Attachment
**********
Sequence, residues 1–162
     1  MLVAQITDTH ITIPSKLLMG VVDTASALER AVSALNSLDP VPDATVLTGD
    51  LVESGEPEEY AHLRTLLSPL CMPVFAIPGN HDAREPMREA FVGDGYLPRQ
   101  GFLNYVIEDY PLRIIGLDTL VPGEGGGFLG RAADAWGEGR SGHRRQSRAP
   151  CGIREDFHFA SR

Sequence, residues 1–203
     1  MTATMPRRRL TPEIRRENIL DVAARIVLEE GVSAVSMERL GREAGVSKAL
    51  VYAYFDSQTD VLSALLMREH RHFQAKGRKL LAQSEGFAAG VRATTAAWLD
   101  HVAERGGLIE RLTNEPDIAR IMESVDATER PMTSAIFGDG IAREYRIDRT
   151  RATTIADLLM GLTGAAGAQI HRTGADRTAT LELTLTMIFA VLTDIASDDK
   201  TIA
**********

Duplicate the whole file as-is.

Sequence, residues 1–162
     1  MLVAQITDTH ITIPSKLLMG VVDTASALER AVSALNSLDP VPDATVLTGD
    51  LVESGEPEEY AHLRTLLSPL CMPVFAIPGN HDAREPMREA FVGDGYLPRQ
   101  GFLNYVIEDY PLRIIGLDTL VPGEGGGFLG RAADAWGEGR SGHRRQSRAP
   151  CGIREDFHFA SR

Sequence, residues 1–203
     1  MTATMPRRRL TPEIRRENIL DVAARIVLEE GVSAVSMERL GREAGVSKAL
    51  VYAYFDSQTD VLSALLMREH RHFQAKGRKL LAQSEGFAAG VRATTAAWLD
   101  HVAERGGLIE RLTNEPDIAR IMESVDATER PMTSAIFGDG IAREYRIDRT
   151  RATTIADLLM GLTGAAGAQI HRTGADRTAT LELTLTMIFA VLTDIASDDK
   201  TIA